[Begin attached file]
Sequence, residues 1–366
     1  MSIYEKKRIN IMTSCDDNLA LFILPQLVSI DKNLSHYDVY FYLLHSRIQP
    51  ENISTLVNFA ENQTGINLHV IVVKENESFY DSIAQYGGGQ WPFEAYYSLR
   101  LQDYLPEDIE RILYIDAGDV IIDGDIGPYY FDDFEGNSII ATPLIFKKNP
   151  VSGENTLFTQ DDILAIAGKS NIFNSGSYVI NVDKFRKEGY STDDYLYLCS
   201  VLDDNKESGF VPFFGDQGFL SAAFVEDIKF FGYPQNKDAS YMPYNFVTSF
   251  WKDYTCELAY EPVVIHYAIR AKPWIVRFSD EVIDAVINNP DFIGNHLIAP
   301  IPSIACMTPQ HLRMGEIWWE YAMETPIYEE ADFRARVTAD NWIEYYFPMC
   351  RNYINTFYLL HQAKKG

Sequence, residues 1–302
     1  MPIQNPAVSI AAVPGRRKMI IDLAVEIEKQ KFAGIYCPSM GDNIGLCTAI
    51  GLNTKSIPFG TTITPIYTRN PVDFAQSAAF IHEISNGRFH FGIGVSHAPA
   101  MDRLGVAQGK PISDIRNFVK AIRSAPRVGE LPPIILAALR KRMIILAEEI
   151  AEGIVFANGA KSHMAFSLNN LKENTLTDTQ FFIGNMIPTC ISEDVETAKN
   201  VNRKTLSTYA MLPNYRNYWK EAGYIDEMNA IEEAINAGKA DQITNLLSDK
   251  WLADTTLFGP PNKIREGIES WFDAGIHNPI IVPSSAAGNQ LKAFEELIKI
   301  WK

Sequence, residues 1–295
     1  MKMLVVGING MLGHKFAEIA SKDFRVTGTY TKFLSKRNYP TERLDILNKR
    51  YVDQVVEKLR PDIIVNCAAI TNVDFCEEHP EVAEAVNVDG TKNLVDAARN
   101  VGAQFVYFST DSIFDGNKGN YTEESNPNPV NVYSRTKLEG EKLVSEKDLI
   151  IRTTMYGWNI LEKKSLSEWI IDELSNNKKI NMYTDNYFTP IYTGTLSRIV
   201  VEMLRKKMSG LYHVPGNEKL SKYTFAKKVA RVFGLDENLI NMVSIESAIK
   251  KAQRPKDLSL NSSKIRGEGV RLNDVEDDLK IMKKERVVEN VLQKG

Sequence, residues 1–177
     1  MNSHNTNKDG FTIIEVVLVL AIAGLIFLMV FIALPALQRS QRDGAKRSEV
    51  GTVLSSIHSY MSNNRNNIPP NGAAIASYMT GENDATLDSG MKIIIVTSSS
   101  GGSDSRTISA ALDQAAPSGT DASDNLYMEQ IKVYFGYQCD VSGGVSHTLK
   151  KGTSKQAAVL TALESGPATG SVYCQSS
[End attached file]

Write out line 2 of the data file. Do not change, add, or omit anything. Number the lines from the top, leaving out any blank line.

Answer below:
     1  MSIYEKKRIN IMTSCDDNLA LFILPQLVSI DKNLSHYDVY FYLLHSRIQP